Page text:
Music and tradition in tune at guqin concerts
The melodies of the guqin, a plucked seven-string Chinese instrument, resonated in Longhua area in Xuhui District on Friday and Saturday.
Four guqin concerts were held at Longhua Temple to promote traditional Chinese culture and music, featuring more than 20 acclaimed guqin musicians. Also on display were 18 precious guqin instruments dating back to the Tang Dynasty (AD 618-907) and Qing Dynasty (1644-1911).
Musicians included Ding Chengyun, an inheritor of the national intangible cultural heritage of guqin, and Zhao Jiazhen, director of the guqin committee of China Nationalities Orchestra Society, a doctoral supervisor at the Central Conservatory of Music, and an inheritor of the national intangible cultural heritage of guqin.
Chen Leiji, a guqin musician who performed at the opening ceremony of the 2008 Beijing Olympics, will also perform.
Due to attendance restrictions, the concerts are also broadcast live on https://w.yangshipin.cn/video?type=2&vid=2010870101&pid=600089344 and https://w.yangshipin.cn/video?type=2&vid=2010870401&pid=600089351 for Saturday's performance.
Due to the development of COVID-19, visitors from outside Shanghai or returning to the city are required to show their negative nucleic acid test report to gain entry, according to the Xuhui District Culture and Tourism Bureau.
Chinese guqin, with a history of more than 3,000 years, is a representative of Chinese music tradition.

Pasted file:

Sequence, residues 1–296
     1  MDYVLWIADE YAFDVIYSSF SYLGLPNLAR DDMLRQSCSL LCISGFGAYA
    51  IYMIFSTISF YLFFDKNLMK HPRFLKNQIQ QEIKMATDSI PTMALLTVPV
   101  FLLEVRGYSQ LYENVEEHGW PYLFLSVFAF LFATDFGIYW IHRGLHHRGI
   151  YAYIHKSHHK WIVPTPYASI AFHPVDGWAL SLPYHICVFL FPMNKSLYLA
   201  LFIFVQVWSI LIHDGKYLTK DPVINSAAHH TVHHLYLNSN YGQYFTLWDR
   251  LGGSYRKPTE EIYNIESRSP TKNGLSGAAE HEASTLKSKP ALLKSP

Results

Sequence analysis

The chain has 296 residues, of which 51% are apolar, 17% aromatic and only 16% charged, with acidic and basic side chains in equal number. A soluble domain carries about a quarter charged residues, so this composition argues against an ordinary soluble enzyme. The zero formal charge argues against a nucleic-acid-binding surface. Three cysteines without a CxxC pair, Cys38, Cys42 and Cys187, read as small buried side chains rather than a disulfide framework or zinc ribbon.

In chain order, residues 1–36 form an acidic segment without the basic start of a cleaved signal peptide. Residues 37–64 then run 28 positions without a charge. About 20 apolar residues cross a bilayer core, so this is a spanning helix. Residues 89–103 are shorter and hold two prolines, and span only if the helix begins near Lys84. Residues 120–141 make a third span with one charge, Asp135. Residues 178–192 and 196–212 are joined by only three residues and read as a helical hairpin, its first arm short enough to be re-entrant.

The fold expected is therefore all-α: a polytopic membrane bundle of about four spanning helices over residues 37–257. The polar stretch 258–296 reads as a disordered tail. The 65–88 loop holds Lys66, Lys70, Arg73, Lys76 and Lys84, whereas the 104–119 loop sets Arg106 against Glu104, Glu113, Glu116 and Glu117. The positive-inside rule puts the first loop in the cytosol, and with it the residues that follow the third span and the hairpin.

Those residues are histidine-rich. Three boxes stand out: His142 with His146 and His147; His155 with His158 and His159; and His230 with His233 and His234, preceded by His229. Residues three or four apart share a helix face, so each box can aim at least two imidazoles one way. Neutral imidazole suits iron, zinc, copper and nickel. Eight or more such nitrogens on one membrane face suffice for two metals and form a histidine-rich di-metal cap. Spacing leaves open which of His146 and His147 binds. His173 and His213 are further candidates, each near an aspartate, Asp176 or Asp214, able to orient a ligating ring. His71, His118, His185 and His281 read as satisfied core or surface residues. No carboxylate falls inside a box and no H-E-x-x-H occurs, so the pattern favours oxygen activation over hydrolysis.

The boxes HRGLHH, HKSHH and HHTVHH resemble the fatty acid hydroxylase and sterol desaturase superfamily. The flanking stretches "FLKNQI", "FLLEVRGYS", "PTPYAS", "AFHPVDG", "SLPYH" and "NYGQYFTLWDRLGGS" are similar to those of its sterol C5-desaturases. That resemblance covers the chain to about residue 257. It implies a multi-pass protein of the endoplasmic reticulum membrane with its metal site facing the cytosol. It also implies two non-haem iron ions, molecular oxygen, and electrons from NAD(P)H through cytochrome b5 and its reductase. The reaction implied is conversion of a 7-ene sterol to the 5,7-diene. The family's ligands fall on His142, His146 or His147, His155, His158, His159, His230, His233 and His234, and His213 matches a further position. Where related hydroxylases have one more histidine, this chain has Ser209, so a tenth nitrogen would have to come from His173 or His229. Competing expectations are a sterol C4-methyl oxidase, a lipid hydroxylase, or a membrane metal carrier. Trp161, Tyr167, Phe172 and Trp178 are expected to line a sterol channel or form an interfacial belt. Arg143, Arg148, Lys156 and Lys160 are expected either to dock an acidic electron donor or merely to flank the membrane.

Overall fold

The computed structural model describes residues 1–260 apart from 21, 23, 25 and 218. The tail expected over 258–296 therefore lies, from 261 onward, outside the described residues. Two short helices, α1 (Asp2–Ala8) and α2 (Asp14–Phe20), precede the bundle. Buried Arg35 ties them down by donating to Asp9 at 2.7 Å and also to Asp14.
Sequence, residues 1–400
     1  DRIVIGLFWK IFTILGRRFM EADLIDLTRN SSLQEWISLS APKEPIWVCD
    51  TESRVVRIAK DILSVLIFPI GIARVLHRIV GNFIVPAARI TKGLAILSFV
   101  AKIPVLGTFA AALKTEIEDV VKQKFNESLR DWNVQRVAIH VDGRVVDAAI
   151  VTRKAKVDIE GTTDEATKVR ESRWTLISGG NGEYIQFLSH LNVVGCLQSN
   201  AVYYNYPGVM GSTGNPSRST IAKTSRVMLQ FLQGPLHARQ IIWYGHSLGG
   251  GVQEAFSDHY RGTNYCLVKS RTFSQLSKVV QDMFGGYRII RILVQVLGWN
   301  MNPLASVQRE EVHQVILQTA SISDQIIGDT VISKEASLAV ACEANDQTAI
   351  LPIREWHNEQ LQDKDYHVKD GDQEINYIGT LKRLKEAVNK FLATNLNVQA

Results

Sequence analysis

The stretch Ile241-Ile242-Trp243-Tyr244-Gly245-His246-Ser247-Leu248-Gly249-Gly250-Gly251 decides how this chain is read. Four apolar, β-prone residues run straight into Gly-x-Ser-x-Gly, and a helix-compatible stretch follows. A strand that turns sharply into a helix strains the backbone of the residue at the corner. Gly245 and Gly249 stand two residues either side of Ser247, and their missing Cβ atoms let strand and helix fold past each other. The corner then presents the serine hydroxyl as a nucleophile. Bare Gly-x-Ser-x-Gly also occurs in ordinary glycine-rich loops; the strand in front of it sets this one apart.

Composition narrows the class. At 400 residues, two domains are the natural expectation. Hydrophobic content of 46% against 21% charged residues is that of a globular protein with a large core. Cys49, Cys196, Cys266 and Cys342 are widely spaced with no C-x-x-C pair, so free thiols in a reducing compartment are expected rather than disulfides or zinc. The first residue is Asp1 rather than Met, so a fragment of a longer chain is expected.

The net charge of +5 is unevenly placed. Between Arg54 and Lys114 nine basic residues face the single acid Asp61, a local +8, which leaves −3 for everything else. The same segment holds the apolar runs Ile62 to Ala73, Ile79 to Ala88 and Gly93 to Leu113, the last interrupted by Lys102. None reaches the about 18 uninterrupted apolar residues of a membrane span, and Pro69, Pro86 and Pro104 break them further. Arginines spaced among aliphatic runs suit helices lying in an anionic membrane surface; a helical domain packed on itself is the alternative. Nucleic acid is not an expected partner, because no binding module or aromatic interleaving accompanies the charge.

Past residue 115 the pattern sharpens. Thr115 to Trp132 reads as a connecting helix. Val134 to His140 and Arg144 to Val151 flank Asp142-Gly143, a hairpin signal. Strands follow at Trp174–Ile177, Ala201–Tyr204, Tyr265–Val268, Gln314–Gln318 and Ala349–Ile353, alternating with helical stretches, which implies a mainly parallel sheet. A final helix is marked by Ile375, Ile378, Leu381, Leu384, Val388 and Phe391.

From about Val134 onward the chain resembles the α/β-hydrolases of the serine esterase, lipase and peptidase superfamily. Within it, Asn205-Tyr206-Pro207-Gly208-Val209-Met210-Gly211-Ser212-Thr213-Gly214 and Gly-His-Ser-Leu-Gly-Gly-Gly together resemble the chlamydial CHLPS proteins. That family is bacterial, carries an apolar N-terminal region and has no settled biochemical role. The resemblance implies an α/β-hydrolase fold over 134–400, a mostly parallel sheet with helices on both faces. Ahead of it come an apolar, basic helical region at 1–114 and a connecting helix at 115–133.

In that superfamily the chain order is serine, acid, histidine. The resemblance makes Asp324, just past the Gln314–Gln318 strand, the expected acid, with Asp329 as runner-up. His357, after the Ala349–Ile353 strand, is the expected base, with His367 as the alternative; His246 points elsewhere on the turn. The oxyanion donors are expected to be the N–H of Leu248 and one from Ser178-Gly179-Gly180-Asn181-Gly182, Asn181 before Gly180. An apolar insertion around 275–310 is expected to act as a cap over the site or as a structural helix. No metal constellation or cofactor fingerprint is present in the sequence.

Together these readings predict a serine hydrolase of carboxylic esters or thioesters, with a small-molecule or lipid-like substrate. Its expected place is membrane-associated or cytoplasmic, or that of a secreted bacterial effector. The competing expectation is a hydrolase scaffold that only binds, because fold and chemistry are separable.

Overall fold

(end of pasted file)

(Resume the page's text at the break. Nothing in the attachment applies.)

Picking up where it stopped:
Guqin and its music was proclaimed by UNESCO as a masterpiece of the Oral and Intangible Heritage of Humanity in 2003.
"I hope to promote old and traditional guqin culture, which is an important part of the traditional Chinese culture, and it prompts me to perform here," said Wu Zhao, 86, a guqin expert and scholar who will deliver a performance on Saturday night.
"After guqin was inscribed on the Representative List of the Oral and Intangible Heritage of Humanity, it is favored by an increasing number of young people, who should pass the guqin art from generation to generation," said Wu.
"There is a trend that the younger generation is learning guqin with the popularization of the traditional art, which is significant for its inheritance," added Zhao Jiazhen. "Some start learning guqin at five or six years old, and young musicians are even more outstanding in terms of their skills as they learn from childhood.
"Most of our students come from families who have a strong interest in traditional Chinese culture," she said.
Xiang Yu, 18, has learnt the art since he was 8 years old.
"I was fascinated by the music since my childhood, thus I decided to have a try," he said. Xiang's father makes guqin.
"Unlike modern musical instruments, guqin art requires you to take time to understand and feel the emotion of ancient players and learn the history and background behind songs," he said.